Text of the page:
That giant lie looms large in this week before a generation-defining General Election here in the UK, where looseness with the truth has been a feature of conservative campaigning for years. It’s the same giant lie that public schoolboys Boris Johnson and Nigel Farage and their chum, billionaire Donald Trump over the pond, are successfully peddling — that you and they are the champions of the ordinary, downtrodden everyman, that you help that everyman “take back control” and “be great again” in the face of his very real frustrations and sense of injustice.
You and they point the finger of blame at other imagined elites or competitors for resources while the giant lie obscures the reality that it is you who are the sons of privilege, the real elite and the ones who continue to perpetuate inequality and injustice.
When you mentioned Naomi Wolf and a battle to preserve a Christmas tree in that speech of yours, you were attempting to portray yourself as a heroic, embattled (yet “mainstream”) underdog fighting against politically correct voices “who insist that they know what is best for people who are not remotely like them”. But you were not an underdog. Instead of countenancing a more inclusive decoration of the common room for the holidays as a way to help minority students feel more welcome, you portray yourself fighting and winning the right to maintain your own symbols of belonging. Those same minority students probably didn’t receive invitations to join your covert club and powerful old boys’ network, either.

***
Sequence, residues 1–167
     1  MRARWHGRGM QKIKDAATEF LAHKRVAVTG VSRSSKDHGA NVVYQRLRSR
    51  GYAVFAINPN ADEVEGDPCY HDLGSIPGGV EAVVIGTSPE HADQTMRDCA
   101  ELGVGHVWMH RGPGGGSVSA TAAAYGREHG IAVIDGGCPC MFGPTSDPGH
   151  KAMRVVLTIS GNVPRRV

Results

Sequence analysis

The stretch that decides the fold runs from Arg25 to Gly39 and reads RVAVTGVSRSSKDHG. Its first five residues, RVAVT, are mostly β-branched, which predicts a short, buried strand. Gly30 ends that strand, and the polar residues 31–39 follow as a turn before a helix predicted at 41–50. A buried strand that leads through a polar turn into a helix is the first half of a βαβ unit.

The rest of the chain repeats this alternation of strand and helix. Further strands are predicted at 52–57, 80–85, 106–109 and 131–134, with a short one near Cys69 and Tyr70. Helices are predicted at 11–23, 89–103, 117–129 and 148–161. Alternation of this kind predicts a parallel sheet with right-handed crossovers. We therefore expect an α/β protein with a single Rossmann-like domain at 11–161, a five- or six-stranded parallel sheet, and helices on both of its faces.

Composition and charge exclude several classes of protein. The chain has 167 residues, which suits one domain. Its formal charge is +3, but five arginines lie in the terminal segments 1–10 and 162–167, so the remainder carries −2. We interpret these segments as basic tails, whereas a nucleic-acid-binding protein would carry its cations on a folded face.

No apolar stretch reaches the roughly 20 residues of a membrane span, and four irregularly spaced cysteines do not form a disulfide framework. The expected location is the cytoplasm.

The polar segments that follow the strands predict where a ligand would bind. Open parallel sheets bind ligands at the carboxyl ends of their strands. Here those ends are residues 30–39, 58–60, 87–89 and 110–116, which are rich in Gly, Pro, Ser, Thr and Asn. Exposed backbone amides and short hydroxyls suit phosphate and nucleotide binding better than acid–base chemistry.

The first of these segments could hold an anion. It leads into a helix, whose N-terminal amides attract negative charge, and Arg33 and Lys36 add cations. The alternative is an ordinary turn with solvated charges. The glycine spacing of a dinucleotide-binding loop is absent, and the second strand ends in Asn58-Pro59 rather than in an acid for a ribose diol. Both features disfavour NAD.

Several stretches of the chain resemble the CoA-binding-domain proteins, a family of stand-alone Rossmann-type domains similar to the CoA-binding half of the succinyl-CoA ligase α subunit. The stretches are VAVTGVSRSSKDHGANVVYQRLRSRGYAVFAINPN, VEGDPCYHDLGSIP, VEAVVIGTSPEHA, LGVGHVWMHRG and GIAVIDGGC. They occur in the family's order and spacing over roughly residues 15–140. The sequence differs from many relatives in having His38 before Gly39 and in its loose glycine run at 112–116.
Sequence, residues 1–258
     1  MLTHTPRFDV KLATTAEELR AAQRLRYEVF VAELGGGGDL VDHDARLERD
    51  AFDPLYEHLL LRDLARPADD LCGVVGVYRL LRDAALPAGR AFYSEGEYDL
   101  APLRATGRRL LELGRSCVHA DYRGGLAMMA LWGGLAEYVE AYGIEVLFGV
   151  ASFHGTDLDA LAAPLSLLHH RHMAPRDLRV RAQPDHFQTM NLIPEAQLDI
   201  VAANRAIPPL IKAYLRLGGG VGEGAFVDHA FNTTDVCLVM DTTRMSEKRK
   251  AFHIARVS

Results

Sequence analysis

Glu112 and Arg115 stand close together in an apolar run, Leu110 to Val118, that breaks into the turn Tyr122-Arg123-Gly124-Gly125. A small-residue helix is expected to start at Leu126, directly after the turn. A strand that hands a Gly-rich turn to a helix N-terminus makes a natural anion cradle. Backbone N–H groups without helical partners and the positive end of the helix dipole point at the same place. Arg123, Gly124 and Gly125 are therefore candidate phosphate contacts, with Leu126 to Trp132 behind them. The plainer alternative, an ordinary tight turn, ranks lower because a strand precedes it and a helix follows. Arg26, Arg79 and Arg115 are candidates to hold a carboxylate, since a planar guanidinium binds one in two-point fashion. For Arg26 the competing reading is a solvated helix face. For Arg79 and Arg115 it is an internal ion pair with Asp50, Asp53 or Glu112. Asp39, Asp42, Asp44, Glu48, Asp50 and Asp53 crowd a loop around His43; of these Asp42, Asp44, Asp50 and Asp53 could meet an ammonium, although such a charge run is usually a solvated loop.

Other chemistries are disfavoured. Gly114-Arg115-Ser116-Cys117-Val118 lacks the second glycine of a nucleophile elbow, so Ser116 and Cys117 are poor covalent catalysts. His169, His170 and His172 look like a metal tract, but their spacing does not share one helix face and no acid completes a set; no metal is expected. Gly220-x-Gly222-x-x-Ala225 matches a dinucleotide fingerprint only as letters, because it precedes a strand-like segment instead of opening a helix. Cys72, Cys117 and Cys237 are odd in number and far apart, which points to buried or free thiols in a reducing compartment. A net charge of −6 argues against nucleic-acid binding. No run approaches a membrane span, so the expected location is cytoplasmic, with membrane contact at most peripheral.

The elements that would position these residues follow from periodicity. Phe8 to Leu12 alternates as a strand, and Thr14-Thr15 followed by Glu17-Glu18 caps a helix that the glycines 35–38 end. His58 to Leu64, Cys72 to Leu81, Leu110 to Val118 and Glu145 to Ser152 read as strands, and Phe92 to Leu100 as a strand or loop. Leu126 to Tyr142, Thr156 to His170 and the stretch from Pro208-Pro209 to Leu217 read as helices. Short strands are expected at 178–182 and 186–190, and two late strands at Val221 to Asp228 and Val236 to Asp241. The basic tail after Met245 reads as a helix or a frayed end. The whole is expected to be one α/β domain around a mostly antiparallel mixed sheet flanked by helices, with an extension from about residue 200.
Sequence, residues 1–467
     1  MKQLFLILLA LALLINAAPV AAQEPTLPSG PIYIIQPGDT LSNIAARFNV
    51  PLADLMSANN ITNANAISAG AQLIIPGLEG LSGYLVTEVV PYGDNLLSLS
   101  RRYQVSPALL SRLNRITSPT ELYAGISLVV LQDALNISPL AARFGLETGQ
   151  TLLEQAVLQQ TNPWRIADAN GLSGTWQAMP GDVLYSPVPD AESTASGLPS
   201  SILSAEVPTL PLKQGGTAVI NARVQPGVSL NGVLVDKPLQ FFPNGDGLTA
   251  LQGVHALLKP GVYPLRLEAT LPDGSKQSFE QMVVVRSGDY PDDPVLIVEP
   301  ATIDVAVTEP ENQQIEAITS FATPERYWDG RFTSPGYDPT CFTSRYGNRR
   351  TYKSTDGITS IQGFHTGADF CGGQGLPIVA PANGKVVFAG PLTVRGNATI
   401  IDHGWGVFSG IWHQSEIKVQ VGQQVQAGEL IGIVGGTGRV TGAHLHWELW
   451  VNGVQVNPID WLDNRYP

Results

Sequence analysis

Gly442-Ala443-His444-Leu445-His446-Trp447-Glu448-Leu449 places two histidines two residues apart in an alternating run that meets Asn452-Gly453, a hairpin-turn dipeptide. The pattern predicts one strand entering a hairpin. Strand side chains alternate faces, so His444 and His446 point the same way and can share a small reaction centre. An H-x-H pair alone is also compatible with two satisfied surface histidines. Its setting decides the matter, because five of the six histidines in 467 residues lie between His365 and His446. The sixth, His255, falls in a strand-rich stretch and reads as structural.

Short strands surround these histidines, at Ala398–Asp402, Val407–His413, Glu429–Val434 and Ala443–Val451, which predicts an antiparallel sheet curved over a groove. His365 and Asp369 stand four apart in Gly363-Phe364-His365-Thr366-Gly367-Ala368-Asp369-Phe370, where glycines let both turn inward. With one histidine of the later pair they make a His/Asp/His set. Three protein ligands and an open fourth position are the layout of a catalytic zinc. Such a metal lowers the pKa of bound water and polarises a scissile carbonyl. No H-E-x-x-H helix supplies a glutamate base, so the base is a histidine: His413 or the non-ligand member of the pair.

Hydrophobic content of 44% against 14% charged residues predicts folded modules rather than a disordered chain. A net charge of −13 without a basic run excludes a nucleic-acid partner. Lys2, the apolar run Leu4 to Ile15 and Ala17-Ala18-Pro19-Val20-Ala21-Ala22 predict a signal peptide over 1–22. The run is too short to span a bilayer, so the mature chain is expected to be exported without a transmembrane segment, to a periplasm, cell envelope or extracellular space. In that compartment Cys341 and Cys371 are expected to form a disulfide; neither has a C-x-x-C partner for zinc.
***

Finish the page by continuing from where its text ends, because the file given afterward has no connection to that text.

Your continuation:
You were the elite then and you have remained the elite as you travelled from Oxford to McKinsey to Parliament, profiting from deals made with your Oxford old-boys network, focusing mainly on what was best for you and, yes, making a career out of “deciding what is best for people who are not remotely” like you.
Quite a bit has changed since we met nearly 30 years ago, Angus, but much has stayed the same. Women are now better represented in the corridors of power and Oxford is just waking up to its need for a more proactive approach to improving access and retention for BAME students. But as Naomi Wolf tweeted recently – and Julia Gillard, Theresa May and Hillary Clinton can attest – even a woman with ‘ostensibly all the voice in the world can still have no voice’ sometimes and powerful men are getting away with lies and disinformation on a grand scale.
Here in the UK, Boris Johnson and Nigel Farage will continue peddling their lies as the British everyman sleepwalks into a Brexit that will make him much worse off but will enrich the powerful elites who have been pushing for it all along. They presided over a toxic referendum campaign, capitalising on divisions and resentments just like the ones you evoked in your speech, to get a whole lot of disenfranchised people to think that Brexit is going to put them back in control.
And you may have had to apologise to Clover Moore, but this week you’re representing Australia in global climate talks as frontman for your Government’s dodgy carbon emissions accounting. The giant lie is winning while the planet burns.
Dr Denise Meyer
Rhodes Scholar (New College and South-Africa-at-Large, 1990)
Dr Denise Meyer is a chartered psychologist and has worked in student support in UK universities since 1995. She is currently Head of Wellbeing at the University of Portsmouth.